Popular satire page ‘God’ has garnered more than three million followers for its unique and cheeky approach to Christianity. Its controversial viewpoints include support of homosexuality and criticism of Donald Trump, and fans of God often praise it for its viral, funny, and progressive posts.
God made a post, both on its verified Facebook page and on Twitter, during congressional Republicans’ move to repeal Obamacare, asking Americans to “stop making your military so damn huge and [instead] give people medicine.”
Two days after suggesting that the United States fix parts of its healthcare and education, God was dealt a harsh and unexpected hand from Facebook with a 30-day ban. God, as Facebook surely knows, is a controversial page whose platform often incites, along with conversation, rage from those who believe its very existence is disrespectful to their religion.
After news of the ban, the astonished creator of God decided to post about what happened, but Facebook stepped in again, banning the creator not only from posting on the God page for 30 days, but also from posting anywhere else on Facebook, too. They weren’t allowed to comment or post anywhere on their personal page, or any friends’ pages.
“I posted this opinion on the day it was announced that Obamacare will be defunded and 24 million people will lose their healthcare,” the site’s creator said. “The opinion goes viral, gaining over 100,000 likes and 15,000 shares. A few hundred people disagree with the opinion. Rather than move on, or even use the ‘angry’ reaction face, what do they do? They report the opinion as being offensive.”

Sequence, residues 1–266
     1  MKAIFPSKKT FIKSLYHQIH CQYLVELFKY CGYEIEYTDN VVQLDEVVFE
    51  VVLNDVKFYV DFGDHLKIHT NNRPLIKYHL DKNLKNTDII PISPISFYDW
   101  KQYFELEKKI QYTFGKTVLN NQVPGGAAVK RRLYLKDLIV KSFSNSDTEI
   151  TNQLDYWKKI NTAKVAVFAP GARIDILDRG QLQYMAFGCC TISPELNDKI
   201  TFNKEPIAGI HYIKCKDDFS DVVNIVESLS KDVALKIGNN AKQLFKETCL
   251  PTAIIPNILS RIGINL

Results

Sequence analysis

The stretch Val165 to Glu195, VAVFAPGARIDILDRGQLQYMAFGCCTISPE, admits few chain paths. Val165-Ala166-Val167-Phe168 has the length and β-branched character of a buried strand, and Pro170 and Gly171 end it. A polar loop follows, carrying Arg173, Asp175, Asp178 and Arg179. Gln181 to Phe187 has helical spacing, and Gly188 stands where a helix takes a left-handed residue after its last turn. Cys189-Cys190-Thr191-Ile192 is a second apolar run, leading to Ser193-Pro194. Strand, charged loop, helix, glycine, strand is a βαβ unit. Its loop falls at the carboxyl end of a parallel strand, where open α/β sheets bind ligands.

The creator noted that, though they are shocked that the ban is occurring, it isn’t the first time they’ve incited such fury.
“This is not the first 30-day ban I’ve ever gotten so unjustly,” God said. “Obviously, it’s a machine algorithm. Obviously, my opinions are not for everyone. But I have just a much a right to speak My Mind as Orange Hitler does.”
The creator also pointed out the irony of the situation, noting that the “same people who love that Trump speaks his mind on Twitter are the same people who freaked out about the Tweet I posted and reported it as offensive. Humans are sick and stupid and they make God go crazy.”
The power Facebook has over free speech has undoubtedly created a controversial ethical grey area. Tech companies are no longer merely novelties in the world of news and politics; they have become one of the biggest sources of news for many Americans. Businesses depend on these social media platforms in many ways, and we have learned to view these companies as primary sources for connecting, learning, sharing, and generating revenue. And yet, the more power platforms like Facebook accumulate, the more corruption can slip between the cracks.
We are dealing with a whole new level of censorship that is, in and of itself, creating controversy. It is crowd-sourced as opposed to being overseen by a small group. Opinions, such as those of God, are suffering at the hands of the offended masses, which goes against the grain of what Facebook, and similar sites, were founded on in the first place: free speech.
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